|dc.description.abstract||According to theory, habitat selection by organisms should reflect the associated probability of survival or reproductive success. Understanding habitat selection, at multiple scales, is of interest not only from a theoretical perspective, but from an applied perspective for species conservation. Northern pintails (Anas acuta) are migratory, temperate-nesting birds that breed in greatest concentrations in the prairies of North America. Declining populations suggest that habitat loss and changing land use may have decoupled formerly reliable fitness cues from selection of suitable nest habitat.
I used data from 62 waterfowl nesting study sites in prairie Canada (1997–2009), to examine whether nest survival, a primary fitness metric, at nest and habitat patch scales, was predictive of habitat selection at corresponding scales. In addition, I used systematic long-term annual pintail population monitoring data (1961–2009), and recruitment indices (juvenile:adult female ratio) from hunter harvest, to examine adaptive habitat selection among landscapes within the Prairie Pothole Region (PPR). The influences of breeding population density and landscape composition were examined at all scales.
At nest and patch scales, pintail nest survival varied with nest initiation date, nest habitat, pair density, and landscape composition. Nest habitat preference reflected patterns in nest survival suggesting nest habitat preference is adaptive. Preference was generally low for habitats with low nest survival (e.g., spring-seeded cropland) and high for habitats with high nest survival (e.g., idle grassland). Differences in preference among habitats weakened at high breeding density and in landscapes with more grassland.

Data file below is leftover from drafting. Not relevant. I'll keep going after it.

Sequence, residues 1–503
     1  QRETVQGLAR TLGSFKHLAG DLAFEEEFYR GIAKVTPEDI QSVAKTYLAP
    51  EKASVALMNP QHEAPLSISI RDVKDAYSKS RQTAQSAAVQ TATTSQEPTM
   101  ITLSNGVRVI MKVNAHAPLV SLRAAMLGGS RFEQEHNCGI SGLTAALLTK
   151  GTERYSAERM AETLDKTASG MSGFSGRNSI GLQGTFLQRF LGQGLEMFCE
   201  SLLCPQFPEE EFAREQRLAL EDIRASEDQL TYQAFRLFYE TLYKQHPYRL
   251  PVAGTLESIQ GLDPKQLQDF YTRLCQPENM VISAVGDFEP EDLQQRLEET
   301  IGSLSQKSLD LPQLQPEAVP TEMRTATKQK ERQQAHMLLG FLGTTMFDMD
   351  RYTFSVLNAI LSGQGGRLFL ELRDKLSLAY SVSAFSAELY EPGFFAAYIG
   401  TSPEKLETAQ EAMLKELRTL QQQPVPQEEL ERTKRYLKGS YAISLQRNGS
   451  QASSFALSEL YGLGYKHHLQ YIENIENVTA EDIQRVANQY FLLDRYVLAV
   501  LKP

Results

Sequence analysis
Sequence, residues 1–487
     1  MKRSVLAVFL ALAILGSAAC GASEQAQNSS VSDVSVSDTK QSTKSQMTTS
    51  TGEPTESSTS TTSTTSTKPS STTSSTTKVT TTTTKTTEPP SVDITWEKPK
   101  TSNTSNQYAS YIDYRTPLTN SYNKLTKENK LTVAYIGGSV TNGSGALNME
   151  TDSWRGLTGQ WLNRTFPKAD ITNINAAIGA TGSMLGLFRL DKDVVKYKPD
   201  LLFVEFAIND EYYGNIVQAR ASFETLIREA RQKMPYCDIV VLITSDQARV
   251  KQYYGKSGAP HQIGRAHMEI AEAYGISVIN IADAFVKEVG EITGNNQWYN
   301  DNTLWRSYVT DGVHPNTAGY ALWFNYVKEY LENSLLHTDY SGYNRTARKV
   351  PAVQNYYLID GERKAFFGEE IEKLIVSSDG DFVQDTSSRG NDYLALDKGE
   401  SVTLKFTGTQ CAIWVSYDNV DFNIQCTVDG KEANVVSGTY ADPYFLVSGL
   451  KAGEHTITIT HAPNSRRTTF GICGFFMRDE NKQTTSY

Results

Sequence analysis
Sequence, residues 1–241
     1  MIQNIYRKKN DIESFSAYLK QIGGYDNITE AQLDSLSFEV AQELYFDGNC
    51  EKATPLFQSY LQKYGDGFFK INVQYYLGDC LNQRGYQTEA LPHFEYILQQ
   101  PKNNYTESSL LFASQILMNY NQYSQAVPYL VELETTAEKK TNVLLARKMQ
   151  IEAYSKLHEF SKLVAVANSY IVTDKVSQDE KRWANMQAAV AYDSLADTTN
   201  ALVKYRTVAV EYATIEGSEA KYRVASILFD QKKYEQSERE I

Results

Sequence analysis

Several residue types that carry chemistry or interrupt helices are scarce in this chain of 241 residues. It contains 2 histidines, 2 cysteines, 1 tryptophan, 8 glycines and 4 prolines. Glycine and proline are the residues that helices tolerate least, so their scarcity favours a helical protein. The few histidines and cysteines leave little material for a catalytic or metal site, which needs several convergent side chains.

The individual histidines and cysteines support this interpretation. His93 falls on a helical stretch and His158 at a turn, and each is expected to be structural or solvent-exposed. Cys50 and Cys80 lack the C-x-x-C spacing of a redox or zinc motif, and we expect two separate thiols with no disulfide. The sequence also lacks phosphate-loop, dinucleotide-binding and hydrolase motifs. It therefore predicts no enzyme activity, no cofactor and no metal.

Population-level recruitment tended to be greater when pintails settled in landscapes that were wetter than normal, contained more grassland, and were moderately variable in local elevation. Pintails were strongly associated with wetter than normal landscapes but shifted into cropland-dominated landscapes and flatter landscapes when populations were high. My results indicated that pintails express adaptive habitat associations with density-dependence acting through buffer mechanisms.
Finally, I use the results of the above analyses to, 1) model and map the estimated long-term average spatial abundance of pintail pairs across the PPR as a function of landscape-level covariates, and 2) construct a deterministic model predicting pintail productivity given habitat and landscape attributes. These models allow conservation efforts to be targeted to affect the most birds, and they allow estimation of the demographic response to conservation actions.||en_US